What was even more exciting was what happened on February 27th, when the final rounds of the 2011 New England Interscholastic Division A Championships were played. For the first time in the history of the tournament (which by then had grown to a seven-tier format), the 14 finalists were all from the same two schools, with each final pitting a GA player against a Deerfield opponent, effectively turning the Interscholastic team final into a premium-priced dual meet, this one for all the marbles. It was hosted by Deerfield Academy and its stunning Dewey Squash Center, which was overrun all day by students, faculty, team family members and supporters exhorting the Green and White and hoping for the first Deerfield team Interscholastic squash title since Fiederovicz and her crew had triumphed back in 1995.

   Playing on their home courts certainly helped the Deerfield girls that day, as did the absence of Harrison (injured back) and Lehman (compartment syndrome in her left leg), along with the GA default at No. 4 when Lindsey Scott was accidentally hit in the face by Emily Jones on a racquet follow-through late in the first game and could not continue. Those factors aside, that afternoon and evening exacted every ounce of physical, mental and psychic energy that Deerfield could muster from its players, coaches and spectators, who packed the arena all the way back to the windows, clapping loudly and then watching breathlessly as the epic struggle forged onward to an excruciatingly close culmination.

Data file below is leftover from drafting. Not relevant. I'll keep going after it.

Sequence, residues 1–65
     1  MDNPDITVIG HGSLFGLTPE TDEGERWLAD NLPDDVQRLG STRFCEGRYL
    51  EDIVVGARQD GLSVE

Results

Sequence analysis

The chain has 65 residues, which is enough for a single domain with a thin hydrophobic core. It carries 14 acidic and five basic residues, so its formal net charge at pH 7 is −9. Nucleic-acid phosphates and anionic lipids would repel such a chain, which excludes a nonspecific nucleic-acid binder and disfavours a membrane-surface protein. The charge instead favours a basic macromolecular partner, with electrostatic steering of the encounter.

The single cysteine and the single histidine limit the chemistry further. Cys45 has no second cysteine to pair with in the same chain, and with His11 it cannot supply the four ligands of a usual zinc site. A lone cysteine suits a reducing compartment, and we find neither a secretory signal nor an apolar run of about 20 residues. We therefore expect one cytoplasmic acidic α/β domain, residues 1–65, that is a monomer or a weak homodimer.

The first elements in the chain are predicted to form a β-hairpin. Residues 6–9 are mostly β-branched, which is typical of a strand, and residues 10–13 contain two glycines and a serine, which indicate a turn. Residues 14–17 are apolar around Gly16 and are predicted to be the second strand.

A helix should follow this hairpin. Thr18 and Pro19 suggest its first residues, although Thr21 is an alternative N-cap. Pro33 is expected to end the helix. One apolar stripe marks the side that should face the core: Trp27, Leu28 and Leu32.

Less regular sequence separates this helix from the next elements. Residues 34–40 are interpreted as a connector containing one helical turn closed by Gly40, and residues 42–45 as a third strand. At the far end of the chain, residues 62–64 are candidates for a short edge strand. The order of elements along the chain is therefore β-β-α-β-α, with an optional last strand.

In addition to the default point at No. 4, Deerfield got wins from top seeds Tori Dewey and Sechrest at Nos. 5 and 7, while Dowling at No. 3 and Sarah Haig at No. 6 defeated Fulton and Kempner respectively, and at No. 2 Alexandra Lunt edged Charlotte Dewey by the narrowest of margins, 11-9 15-13 4-11 14-12. This left both the New England Interscholastic individual championship and the New England Interscholastic team championship to the last match on court, the No. 1 match between Hallie Dewey and Nina Scott, who had defeated Dewey three-straight (albeit 11-9 11-9 12-10) in the dual meet 12 weeks earlier and had won her three pre-final matches without dropping a game.

  Scott won a close first game 11-8, lost an even closer second, 11-9, and won an even closer third 15-13, the overtime points of which were long and enervating, leaving Scott ahead on the scoreboard but gasping for breath throughout the between-games break. Noticing this, and believing that well-placed front-court shots would therefore tire her opponent even further, Dewey successfully pulled off several precise drop shots which caught Scott flat-footed and fell for clear winners at the outset of the fourth game. This gave Dewey the confidence to continue this tactic, even a few times when she was behind Scott in the court, and her hot streak continued to 8-0, at which stage Scott decided to let the rest of that 11-0 game go in order to conserve her energy for the fifth. By this time, all of the other matches were long over, and everyone was crowded around their court, including the players from the other schools, many of whom were hoping that Greenwich Academy, the behemoth of prep-school squash for so long, would finally be dethroned, even though they themselves had no personal stake in the outcome.